GJ 1132b

There are lots of reasons to make merry for the discovery of new exoplanet – GJ 1132b. Though the discovery of exoplanets is not something, new GJ 1132b is exceptional from all other exoplanets as it has its own atmosphere, just like our own planet Earth has. A team of international scientists, in their recent breakthrough, has stumbled upon a new Earth-sized planet, orbiting outside the solar system and surprisingly it has its own atmosphere. It is a first-of-its-kind discovery of a low-mass rocky planet, which can provide researchers new insights into the fuzzy concept of the perspective for life on outer worlds.

The study paper, published in The Astronomical Journal has mentioned about the discovery of the new exoplanet – GJ 1132b, which is located only 39 light-years away from Earth. The breakthrough is believed to be a significant advancement towards the unearthing of possible alien lives on other planets. The recognition of an environment around Earth-like GJ 1132b marks for the first time detection of an atmosphere outside the solar system.

In terms of measurement, the new exoplanet’s mass and the radius are quite close to the Earth’s mass and radius which is 1.6 Earth masses, 1.4 Earth radius, said researchers from University of Cambridge and the Max Planck Institute for Astronomy, who mutually conducted the study. As highlighted by the researchers, the new planet is 1.4 times more than the diameter of Earth and 1.6 times more than its mass. It is spotted located outside of the solar system, some 39 light-years or 12 parsecs away from Earth and orbiting around a red dwarf star.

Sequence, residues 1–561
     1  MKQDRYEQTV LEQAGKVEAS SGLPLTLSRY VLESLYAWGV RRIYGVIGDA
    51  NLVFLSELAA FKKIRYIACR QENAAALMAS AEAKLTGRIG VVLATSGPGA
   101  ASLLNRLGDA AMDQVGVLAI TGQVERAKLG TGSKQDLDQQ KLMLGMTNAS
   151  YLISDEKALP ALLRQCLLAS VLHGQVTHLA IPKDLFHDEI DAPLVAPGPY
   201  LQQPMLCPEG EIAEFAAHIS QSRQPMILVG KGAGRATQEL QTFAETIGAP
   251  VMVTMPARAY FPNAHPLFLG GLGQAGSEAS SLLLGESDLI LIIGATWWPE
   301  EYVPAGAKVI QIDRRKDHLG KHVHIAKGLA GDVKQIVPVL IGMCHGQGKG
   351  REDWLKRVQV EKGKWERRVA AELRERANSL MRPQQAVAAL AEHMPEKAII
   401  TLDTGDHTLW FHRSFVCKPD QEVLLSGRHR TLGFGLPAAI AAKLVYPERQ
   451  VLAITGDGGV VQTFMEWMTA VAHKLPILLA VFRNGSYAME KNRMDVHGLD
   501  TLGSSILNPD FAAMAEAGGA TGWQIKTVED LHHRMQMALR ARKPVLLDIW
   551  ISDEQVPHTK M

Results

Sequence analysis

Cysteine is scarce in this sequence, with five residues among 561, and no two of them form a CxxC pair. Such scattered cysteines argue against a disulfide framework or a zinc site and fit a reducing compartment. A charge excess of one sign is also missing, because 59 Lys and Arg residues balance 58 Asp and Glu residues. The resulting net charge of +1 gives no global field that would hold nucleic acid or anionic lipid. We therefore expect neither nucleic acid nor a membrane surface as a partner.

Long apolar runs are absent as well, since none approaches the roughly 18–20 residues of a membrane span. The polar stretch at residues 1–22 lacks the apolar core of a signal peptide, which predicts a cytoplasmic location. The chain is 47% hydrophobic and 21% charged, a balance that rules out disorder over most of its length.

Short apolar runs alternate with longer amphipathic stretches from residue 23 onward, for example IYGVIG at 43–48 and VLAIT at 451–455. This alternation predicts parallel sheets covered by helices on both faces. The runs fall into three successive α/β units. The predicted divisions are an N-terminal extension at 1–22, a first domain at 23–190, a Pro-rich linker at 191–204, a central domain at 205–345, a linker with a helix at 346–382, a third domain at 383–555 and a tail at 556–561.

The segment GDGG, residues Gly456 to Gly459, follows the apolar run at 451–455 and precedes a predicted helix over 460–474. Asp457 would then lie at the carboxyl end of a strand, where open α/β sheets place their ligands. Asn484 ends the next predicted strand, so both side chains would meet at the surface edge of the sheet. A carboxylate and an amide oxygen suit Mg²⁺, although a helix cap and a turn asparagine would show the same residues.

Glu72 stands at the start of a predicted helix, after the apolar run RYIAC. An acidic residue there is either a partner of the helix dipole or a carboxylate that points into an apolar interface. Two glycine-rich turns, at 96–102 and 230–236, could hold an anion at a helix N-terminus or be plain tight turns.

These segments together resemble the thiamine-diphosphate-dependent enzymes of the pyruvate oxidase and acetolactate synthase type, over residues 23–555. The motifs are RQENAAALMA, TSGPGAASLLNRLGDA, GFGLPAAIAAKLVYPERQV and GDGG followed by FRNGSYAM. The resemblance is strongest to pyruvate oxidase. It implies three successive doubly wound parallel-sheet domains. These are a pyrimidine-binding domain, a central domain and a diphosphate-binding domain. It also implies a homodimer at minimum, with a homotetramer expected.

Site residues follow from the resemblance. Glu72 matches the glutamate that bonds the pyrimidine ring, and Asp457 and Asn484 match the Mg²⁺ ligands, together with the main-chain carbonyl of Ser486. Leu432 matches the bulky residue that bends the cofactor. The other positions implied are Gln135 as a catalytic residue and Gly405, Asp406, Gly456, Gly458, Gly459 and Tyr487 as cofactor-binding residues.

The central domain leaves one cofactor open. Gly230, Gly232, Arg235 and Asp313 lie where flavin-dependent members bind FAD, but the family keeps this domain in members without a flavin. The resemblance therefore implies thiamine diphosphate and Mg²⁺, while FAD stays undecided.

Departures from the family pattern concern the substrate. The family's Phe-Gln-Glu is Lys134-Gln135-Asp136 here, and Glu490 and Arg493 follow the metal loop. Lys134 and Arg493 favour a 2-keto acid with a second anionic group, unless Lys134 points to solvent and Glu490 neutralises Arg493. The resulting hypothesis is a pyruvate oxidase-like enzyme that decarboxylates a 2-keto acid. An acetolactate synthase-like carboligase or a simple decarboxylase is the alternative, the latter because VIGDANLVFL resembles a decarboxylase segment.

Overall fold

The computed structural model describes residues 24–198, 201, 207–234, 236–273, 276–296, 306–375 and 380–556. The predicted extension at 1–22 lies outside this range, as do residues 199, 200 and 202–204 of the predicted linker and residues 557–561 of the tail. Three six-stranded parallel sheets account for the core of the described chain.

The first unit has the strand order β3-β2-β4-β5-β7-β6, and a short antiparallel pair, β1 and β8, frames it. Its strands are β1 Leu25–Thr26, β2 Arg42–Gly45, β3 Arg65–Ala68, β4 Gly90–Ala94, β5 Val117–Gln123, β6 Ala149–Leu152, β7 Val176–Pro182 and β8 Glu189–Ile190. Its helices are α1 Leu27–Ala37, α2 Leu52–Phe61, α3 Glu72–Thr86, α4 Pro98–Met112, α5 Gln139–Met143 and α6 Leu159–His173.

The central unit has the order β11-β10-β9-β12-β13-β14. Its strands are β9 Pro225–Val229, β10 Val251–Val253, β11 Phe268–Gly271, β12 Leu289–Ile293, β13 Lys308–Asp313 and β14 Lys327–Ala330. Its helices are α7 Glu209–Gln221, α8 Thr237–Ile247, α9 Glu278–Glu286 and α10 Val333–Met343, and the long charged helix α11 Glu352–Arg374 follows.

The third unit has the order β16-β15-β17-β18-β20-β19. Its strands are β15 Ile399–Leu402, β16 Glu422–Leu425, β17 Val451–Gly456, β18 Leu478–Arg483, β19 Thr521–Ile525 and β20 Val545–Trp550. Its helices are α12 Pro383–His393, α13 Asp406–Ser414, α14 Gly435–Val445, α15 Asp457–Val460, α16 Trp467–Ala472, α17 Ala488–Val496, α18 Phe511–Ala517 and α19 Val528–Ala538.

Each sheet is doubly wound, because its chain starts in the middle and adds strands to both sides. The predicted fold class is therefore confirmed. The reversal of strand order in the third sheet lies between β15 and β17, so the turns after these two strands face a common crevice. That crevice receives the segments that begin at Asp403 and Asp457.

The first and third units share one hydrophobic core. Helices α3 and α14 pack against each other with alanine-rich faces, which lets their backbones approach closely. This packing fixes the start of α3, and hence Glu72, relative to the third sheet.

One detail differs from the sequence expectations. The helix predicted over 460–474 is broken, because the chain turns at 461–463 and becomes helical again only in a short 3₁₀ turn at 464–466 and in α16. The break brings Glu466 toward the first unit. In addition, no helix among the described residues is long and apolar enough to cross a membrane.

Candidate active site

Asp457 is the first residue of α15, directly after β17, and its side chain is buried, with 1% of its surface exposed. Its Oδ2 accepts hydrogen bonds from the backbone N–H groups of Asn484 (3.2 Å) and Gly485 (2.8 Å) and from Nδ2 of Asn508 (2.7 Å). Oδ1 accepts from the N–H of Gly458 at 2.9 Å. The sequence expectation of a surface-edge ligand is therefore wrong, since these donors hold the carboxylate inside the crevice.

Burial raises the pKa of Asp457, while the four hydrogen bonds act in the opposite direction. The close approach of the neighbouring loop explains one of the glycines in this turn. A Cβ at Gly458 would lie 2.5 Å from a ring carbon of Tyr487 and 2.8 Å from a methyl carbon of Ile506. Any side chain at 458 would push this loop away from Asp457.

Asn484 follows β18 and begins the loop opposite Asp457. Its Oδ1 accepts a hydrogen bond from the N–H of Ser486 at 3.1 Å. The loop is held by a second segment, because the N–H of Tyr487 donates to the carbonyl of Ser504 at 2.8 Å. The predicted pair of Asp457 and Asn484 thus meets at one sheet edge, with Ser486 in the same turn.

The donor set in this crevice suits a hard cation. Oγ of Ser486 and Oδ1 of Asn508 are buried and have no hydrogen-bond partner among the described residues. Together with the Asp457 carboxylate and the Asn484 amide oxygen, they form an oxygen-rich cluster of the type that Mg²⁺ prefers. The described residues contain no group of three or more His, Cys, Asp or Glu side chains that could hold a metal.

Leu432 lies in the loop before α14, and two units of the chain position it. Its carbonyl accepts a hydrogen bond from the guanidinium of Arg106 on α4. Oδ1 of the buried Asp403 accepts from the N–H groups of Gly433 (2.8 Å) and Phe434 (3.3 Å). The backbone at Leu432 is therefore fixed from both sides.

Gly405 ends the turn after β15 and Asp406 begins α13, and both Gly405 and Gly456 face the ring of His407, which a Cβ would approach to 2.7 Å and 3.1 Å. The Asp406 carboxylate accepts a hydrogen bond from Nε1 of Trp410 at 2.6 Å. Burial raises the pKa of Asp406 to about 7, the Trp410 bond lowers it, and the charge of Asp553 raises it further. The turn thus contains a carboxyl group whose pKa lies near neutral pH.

Whereas the host star of the planet is found to be relatively cool at 3000 degrees – almost half the hotness of the sun, the planet orbits only 2.3 million kilometres away, and thus its temperature is documented as steamy 370 degrees. As said by the founder of the exoplanet, GJ 1132b is a transiting celestial object. From the viewpoint of the Earth, it crosses directly facing its host star in every 1.6 days, resulting in the blockage of some of the starlight. From the division of starlight, hindered by the planet, astronomers usually conclude the size of the planet, and in this case, GJ 1132b is estimated to be nearly 1.4 times more than the scale of the Earth.

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